Rees-Mogg: Breaking promises on tax will cost Tories election

Eurosceptic Tory MP Jacob Rees-Mogg has cautioned the Chancellor against breaking a promise not to increase taxes, stating doing so will lose the party the next general election. Speaking on his fortnightly podcast on the Conservative Home website, Mr Rees-Mogg said: “No sensible party or government ever breaks manifesto commitments willy-nilly: it needs extraordinary circumstances and it also needs public consent.” The Tory manifesto pledged a tax triple-lock to freeze rates of income tax, national insurance and VAT for five years. Asked whether Mr Sunak could keep the promise by raising income tax thresholds instead of the rate itself, Mr Rees-Mogg warned: “It undermines trust in politics. It’s a mistake to think you can follow the letter of a manifesto promise but not the spirit of it.” He continued: “It’s not for me to try and influence what the chancellor’s going to do so it’s best if I talk about these things in general economic terms rather than the specifics. But I think most people would agree that at the point at which an economy is coming out of an extraordinarily deep slump, that is not the time when you want to slap the economy down with higher taxes.”

The Times, Page: 6


Treasury agrees to discuss support plan for directors

Business leaders and tax experts have drawn up a rescue scheme for two million business owners currently locked out of coronavirus support. The Directors Income Support Scheme – designed by the Federation of Small Businesses, the Association of Chartered Certified Accountants and campaign group Forgotten Ltd – would be a grant based on the trading profits of small, actively trading companies. The idea will be discussed at a meeting with Jesse Norman, the Treasury minister, according to the Telegraph. Craig Beaumont, of the FSB, said: “Directors have set themselves up the right way, and paid their taxes just like everyone else, but have not received the income support lifeline.”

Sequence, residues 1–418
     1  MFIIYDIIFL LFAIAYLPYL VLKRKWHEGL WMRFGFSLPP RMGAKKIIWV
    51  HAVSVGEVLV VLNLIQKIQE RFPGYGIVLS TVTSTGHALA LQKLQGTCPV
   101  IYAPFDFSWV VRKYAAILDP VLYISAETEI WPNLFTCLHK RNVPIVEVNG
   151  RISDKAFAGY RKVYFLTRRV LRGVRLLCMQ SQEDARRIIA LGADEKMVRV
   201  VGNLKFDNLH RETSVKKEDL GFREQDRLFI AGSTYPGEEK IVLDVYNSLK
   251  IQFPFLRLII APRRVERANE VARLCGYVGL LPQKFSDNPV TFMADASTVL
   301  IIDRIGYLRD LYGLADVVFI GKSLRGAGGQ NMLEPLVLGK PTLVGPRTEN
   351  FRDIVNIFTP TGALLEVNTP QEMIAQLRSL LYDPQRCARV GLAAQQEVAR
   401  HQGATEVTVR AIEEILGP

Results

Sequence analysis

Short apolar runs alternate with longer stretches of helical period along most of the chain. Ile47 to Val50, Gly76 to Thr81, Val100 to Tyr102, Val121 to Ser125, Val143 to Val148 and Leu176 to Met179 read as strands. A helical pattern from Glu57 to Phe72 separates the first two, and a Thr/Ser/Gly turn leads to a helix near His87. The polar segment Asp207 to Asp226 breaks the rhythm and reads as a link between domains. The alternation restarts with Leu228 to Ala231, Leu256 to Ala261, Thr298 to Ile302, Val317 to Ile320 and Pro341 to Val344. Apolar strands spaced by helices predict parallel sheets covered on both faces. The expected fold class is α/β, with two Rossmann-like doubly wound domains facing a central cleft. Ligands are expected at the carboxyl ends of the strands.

The Daily Telegraph, Business, Page: 3

PPE glut leaves UK manufacturers fearful for their future

A revival in manufacturing PPE equipment “has been strangled almost at birth” after the Government awarded contracts to firms with no experience in the field, creating a stockpile that has destroyed domestic producers.

Financial Times, Page: 3

Government shakes up export finance support for small businesses

The UK Government is to provide extra financial help so exporters can apply for larger loans from the UK’s five high street banks after Brexit.

Financial Times, Page: 2


Billions of unspent savings could spark explosive recovery